The pasty-faced front man, Bobby Gillespie, is no match for Rod Stewart, but, after his party-pooping appearance at last year's Glastonbury, he is on more welcoming form.
Even without the mandolin of its single version, the opening number, "Country Girl", chuggs along like a moonshine-driven hoedown. On the straight skiffle of "Hole in My Heart", the band are as innovative as Bill Haley's Comets, though another newie, the expansive "When the Bomb Drops", shows the difference that the former Stone Roses bassist, Mani, has made. While Give Out relied on session musicians for authenticity, now the band can dictate their feel.
Old favourites are also stripped down, most notably their version of "Slip Inside This House", by the Sixties cult heroes The 13th Floor Elevators, with Gillespie cribbing its endless lyrics from a sheet. Instead of the acid workout version on the Scream's classic Screamadelica, here it's a more respectful garage version. Likewise, John Lennon might have been impressed by their raw take on his "Gimme Some Truth". In a night dominated by guitars, the band mainstay, Andrew Innes, provides a loose fuzz, while Robert Young, in for the former My Bloody Valentine Kevin Shields, pulls out some wickedly dirty riffs. Just as important, in brief snatches, was Martin Duffy's bar-room piano. As ever, though, the band have overlooked Gillespie's cliché-ridden lyrics.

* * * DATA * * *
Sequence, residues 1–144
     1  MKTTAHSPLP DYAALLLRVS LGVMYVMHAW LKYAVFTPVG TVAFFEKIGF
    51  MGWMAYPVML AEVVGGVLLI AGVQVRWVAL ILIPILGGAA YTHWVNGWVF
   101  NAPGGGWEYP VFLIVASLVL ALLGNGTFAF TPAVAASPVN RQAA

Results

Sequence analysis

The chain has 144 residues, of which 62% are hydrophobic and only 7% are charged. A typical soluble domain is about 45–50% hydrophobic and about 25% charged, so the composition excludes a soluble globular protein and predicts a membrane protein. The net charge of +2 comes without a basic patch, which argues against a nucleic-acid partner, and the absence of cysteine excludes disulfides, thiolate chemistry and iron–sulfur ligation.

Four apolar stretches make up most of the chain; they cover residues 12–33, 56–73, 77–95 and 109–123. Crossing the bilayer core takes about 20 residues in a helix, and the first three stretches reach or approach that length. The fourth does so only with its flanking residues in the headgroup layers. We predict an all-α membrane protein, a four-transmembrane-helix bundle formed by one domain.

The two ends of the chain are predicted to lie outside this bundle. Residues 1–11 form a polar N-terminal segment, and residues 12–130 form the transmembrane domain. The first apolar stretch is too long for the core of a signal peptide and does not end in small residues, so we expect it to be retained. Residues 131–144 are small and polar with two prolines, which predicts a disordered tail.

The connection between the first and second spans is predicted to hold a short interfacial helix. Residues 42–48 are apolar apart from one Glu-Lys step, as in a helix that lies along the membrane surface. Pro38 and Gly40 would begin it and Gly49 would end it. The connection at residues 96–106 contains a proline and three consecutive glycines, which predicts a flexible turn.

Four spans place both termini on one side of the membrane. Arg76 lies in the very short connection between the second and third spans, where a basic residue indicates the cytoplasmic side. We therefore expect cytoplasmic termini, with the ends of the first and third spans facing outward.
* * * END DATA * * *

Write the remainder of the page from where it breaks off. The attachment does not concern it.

Highlights are plentiful. "Moving on Up" remains one of the most successful fusions of British grit and gospel euphoria, while "Rocks" contains a swagger you could not achieve from mere pastiche. These gell nicely with those more futurist numbers that showed the way for the likes of Kasabian. At other times they sound like a Rolling Stones tribute band.
Primal Scream play Wolverhampton on 26 April, Manchester on 27 April, and Glasgow on 28 April
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